Holding your arms out straight in front of you, let your hands represent two signals, a and b. The vertical position of each hand represents the voltage present on each signal. Now flap your arms up and down in an opposite, or antipodal, fashion. This motion depicts the behavior of a differential-signal pair.
The distance between your hands represents the differential component of the signal pair [a, b], and the average position of your hands represents the common-mode component.
To make obvious the meaning of the common-mode component, first find a stick about three feet long. Mark the midpoint of the stick. Now, holding opposite ends of the stick in each hand, repeat the arm-flapping exercise. The midpoint of the stick, which is at all times the mechanical average of the positions of your two hands, represents the common-mode component. The inclination of the stick represents the differential component.
Moving your arms exactly opposite each other such that the midpoint of the stick remains fixed in space creates a perfectly differential-signal pair with no common-mode component. It may help to have someone else hold the midpoint fixed so you can get the feeling of a perfectly antipodal motion. You will find it difficult to create a purely differential signal. Any asymmetry in the amplitude or timing of your arms' motions creates a common-mode component.
In an electrical circuit, you care about the common-mode component of signal pair [a, b] because that component creates far more radiation and crosstalk than the differential component.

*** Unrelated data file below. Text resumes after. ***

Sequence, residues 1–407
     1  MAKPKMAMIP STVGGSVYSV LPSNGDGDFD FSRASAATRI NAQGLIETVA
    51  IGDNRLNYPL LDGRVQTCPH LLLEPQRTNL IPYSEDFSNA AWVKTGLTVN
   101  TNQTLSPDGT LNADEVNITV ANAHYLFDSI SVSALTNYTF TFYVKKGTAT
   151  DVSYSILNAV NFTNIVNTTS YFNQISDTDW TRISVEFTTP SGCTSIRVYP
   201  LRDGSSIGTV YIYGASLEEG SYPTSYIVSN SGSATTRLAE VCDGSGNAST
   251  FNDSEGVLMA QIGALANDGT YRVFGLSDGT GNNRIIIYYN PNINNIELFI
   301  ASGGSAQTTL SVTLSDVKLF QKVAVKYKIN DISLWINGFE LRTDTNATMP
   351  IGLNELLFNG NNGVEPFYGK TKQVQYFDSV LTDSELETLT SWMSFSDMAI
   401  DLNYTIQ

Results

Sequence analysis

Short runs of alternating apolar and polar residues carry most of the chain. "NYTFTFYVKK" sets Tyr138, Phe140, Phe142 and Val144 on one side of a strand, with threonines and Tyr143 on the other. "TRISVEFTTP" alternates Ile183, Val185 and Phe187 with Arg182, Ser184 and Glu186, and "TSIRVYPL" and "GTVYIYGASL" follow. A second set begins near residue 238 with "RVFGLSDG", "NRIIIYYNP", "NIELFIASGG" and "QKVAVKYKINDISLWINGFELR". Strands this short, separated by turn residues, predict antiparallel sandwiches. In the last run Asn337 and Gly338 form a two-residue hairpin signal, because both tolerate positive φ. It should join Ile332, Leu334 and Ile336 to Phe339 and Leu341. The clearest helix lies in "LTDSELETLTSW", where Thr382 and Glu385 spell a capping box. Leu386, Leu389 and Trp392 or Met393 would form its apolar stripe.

The relation between signal skew and the common-mode signal amplitude is fairly easy to derive. Suppose signal b is the same as negative a, only delayed by a small skew, Δt. You can then express the common-mode signal c≡(a+b)/2 as
Those of you familiar with calculus will recognize that the numerator of the right-hand term, for sufficiently small Δt, approximately equals Δt multiplied by the time derivative da/dt. Caution-this approximation works only when Δt remains smaller than the signal rise time.
The peak value of c coincides in time with the peak value of the derivative of a. Assuming a 10 to 90% rise time, tr, and a signal swing, Δv, on each wire, you can approximate the peak value of the derivative of a(t) as Δv/tr. After suitable rearrangement of terms, this calculation leads to the following expression for the peak common-mode amplitude:
This derivation assumes that signal a swings from zero to Δv, and signal b swings from Δv to zero. The differential signal (a-b) therefore swings from +Δv to -Δv. Therefore, the peak-to-peak amplitude of the differential signal is 2Δv, the peak amplitude of the differential signal is Δv, and the peak amplitude of the odd-mode signal (defined as half the differential-mode signal) is Δv/2.
Look at the peak amplitude of the common-mode signal as a percentage of the peak amplitude of the differential-mode signal, Δv. Also, imagine the skew, Δt, to be a percentage of the rise time, tr. With these two concepts in mind, you can reduce this entire discussion to the following rule: A 20% skew creates a 10% common-mode component.